A few years ago, my mom and I went to a local craft fair and came across a collection of what to me were beautiful flat flower bud vases. I immediately was taken with these adorable and unconventional vases, and my mom kindly bought me this ceramic one glazed with an exquisite dragonfly design. It wasn’t until I researched online to write this post that I realized that this style of vase is called ikebana, and variations of it have been made and displayed for centuries in Japan.
You can see samples of ikebana vase and flowers here and here on Pinterest, and these vases made of turned wood, and these made of porcelain. (I’m not being compensated in any way to mention these links…I just think they’re interesting examples of what’s out there.) Wikipedia and JapanZone both give a brief and interesting history and explanation of ikebana.
In writing this post, I sort of went down an ikebana rabbit hole, to tell truth, and found myself coming across books on Amazon about the art of ikebana vase and flower arranging. Some of these books appear to be highly instructive and beautiful, with lots of glossy and colorful photographs. Ikebana The Art of Arranging Flowers by Shozo Sato had a five-star rating by customers.
Another book about ikebana vase and flowers that I found on Amazon was Japanese Ikebana for Every Season by Yuji Ueno, also rated by customers with five stars.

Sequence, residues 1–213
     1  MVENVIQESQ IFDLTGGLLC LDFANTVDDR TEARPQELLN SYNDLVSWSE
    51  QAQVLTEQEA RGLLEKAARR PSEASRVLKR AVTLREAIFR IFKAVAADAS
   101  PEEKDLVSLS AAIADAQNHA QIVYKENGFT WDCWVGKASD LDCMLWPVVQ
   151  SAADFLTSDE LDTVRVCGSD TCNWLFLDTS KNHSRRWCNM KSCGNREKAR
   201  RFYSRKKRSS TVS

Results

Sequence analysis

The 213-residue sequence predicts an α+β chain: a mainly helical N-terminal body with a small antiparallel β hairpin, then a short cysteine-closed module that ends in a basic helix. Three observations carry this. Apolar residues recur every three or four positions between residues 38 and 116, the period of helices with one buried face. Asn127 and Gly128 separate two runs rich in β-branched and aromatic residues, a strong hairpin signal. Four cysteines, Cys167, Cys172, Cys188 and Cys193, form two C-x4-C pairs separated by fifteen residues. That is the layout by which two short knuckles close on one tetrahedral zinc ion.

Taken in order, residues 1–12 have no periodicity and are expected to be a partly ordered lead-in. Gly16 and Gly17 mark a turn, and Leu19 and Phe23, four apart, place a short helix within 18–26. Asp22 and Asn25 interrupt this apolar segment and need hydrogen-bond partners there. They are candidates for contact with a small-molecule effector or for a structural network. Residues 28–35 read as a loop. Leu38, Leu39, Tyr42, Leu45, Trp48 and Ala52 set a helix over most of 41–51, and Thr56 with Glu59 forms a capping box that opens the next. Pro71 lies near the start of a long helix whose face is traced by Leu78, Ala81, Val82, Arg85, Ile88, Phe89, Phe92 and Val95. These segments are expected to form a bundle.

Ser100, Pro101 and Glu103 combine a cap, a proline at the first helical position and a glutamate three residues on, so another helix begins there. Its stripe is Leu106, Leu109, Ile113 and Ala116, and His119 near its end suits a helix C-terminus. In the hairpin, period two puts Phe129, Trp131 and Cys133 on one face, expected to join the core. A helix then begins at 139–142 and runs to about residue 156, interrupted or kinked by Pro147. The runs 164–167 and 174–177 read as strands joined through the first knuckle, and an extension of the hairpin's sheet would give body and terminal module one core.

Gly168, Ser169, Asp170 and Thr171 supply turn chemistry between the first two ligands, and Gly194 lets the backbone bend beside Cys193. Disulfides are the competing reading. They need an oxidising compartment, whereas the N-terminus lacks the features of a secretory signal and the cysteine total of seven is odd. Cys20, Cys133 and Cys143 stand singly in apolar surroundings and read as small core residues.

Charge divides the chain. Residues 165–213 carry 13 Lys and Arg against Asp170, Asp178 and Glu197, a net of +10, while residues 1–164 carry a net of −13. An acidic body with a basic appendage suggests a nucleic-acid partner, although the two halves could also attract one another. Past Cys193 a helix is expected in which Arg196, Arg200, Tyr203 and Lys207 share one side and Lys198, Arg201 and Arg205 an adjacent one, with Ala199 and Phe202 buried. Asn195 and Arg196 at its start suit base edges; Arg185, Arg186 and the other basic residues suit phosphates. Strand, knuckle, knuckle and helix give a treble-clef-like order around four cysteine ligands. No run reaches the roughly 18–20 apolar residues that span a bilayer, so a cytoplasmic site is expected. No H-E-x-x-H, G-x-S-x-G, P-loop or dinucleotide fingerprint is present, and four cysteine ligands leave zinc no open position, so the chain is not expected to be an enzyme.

Here’s a gift idea: A book like one of these about ikebana, coupled with an ikebana vase! You could even add a pair of hand pruning shears. Wouldn’t a pairing or combination like this make a unique and thoughtful gift? Maybe just give it to yourself! And many of the ikebana vases that I came across appear to be reasonably priced.
What I love about an ikebana vase and flower arrangement is how simple and understated it is, and yet so elegant.
Let me make a disclaimer here: I’ve never studied or analyzed how to make an ikebana arrangement, and those shown in these photos were just me using my own eye and intuition as to what was aesthetically pleasing. I think you should do the same! Still, referencing some books or information online about ikebana vases and flowers might add to your bank of ikebana creativity. I’ve already arranged to check out some ikebana books at my local library.
To create the ikebana arrangements shown on this post, I simply cut some flowers and greenery from planter boxes out on my back deck.
Because you’ll only be using a flower or two, and perhaps a couple of sprigs of greenery, you can go all out with your imagination. Look for tiny wild flowers in your yard, or use the sprig of a flowering herb, a curled dead willow stick, or long pieces of golden dried grass. Even a so-called weed can look absolutely stunning in an ikebana vase arrangement.
If you decide to purchase an ikebana vase, be sure that it has an attached metal flower frog inside to hold up the flowers and greenery.
I might not have realized that this was an ikebana vase when it was given to me, but that doesn’t change the fact that it has always been treasured. This unique little gift has allowed for endless variations of simple but eye-catching arrangements.